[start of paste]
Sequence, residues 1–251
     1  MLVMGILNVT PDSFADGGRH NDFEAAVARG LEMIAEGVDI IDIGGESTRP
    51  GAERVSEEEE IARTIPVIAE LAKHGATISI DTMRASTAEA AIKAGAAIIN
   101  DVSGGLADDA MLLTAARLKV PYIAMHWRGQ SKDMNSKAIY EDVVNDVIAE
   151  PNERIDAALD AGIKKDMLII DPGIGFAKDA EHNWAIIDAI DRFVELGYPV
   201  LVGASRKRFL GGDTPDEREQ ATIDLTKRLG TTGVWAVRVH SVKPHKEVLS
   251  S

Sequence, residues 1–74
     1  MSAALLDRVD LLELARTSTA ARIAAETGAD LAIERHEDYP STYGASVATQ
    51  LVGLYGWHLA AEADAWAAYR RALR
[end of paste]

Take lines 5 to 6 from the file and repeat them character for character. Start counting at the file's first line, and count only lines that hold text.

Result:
   151  PNERIDAALD AGIKKDMLII DPGIGFAKDA EHNWAIIDAI DRFVELGYPV
   201  LVGASRKRFL GGDTPDEREQ ATIDLTKRLG TTGVWAVRVH SVKPHKEVLS